Wednesday, June 11, 2008

Wilentz Looks At Critchlow, Frum and Douthat/Salam

I guess he mainly focuses on Critchlow, who's rather too sympathetic towards his subjects but does yeoman's work in recalling pre-1964 hard-right activism (Clarence Manion - does that ring any bells?) ...

Anyway, here's Wilentz on Critchlow on Reagan:

Once he reaches the Reagan years, Critchlow presents as rosy a picture as possible. He either ignores the damaging effects of Reaganomics, such as astronomical deficits and deepening economic inequality, or treats them as illusions ginned up by Democratic partisans and the liberal media. Critchlow either overlooks the cronyism and looting of the 1980s--most spectacularly at the Pentagon, the Environmental Protection Agency, and the Department of Housing and Urban Development--or ascribes them to "mismanagement" that gave the career civil servants of the so-called liberal administrative state a pretext to thwart Reagan's reforms. He describes the savings-and-loan crisis as an unintended consequence of Reagan's deregulation, without mentioning how the administration repeatedly ignored warnings about the looming disaster and obstructed oversight--the costliest government malfeasance of its kind in history. On foreign policy, Critchlow generally endorses the triumphalist Reagan-centered view advanced by Reagan's most fervent admirers about his greatest achievement as president, working with Mikhail Gorbachev and helping to end the Cold War. Critchlow mentions but glosses over the staunch conservative opposition that Reagan faced over arms reduction and his embrace of the new Soviet leader, along with other awkward details that call for a more complicated rendering.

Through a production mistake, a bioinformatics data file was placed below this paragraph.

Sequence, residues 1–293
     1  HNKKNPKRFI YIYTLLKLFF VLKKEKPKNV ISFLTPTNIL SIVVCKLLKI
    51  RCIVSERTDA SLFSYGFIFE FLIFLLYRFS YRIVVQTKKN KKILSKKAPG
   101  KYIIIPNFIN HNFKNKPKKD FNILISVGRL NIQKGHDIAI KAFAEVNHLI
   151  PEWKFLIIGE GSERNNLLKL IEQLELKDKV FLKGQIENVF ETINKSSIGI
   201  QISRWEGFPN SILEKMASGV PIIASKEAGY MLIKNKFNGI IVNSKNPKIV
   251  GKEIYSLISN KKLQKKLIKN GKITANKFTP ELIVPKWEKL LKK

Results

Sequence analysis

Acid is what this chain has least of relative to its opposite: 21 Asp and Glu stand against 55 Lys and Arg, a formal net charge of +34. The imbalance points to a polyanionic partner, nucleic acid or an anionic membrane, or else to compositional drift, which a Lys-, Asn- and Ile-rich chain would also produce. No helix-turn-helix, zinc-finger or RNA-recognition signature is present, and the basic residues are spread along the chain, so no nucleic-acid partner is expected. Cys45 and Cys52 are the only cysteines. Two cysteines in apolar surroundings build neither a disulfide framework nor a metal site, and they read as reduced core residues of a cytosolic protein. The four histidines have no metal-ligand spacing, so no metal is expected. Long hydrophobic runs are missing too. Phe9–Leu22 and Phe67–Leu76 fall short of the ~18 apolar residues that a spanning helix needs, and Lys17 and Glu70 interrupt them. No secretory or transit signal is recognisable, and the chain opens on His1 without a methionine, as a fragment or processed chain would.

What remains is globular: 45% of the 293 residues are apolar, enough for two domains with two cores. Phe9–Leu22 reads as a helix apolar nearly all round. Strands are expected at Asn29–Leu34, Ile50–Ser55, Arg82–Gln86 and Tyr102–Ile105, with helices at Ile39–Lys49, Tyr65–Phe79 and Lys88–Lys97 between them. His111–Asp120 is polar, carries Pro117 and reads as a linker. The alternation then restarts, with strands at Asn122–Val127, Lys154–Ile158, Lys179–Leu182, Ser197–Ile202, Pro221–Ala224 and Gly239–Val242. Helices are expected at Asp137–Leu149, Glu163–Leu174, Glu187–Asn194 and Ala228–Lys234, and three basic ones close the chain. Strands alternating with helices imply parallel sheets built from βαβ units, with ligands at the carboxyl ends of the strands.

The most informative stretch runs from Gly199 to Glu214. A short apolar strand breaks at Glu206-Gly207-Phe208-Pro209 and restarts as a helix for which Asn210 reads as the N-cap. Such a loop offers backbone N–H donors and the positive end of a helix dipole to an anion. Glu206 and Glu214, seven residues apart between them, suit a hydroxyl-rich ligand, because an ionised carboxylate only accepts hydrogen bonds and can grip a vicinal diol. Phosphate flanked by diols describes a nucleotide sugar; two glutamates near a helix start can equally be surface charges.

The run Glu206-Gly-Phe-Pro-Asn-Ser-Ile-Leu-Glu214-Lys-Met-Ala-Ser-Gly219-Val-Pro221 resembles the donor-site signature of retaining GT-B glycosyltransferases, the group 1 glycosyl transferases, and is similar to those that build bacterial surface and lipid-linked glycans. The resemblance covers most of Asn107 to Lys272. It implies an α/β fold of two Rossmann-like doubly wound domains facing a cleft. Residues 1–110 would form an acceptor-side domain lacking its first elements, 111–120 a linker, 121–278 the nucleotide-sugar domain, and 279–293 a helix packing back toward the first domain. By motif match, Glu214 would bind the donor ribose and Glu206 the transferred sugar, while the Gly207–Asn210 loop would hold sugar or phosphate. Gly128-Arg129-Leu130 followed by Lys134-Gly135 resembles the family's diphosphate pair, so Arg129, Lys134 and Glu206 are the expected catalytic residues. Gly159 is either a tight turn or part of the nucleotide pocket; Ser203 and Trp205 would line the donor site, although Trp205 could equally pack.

That's all fine as far as it goes, but what of Iran-Contra?! I've always said that if Iran-Contra doesn't seriously tarnish your view of Reagan's presidency, you simply do not know enough about the scandal. And Wilentz makes no attempt to defend Jimmy Carter's far-from-perfect but far-from-terrible presidency (and I don't mean this or this, or "without him, Reagan never gets elected"). More than a bit disappointing.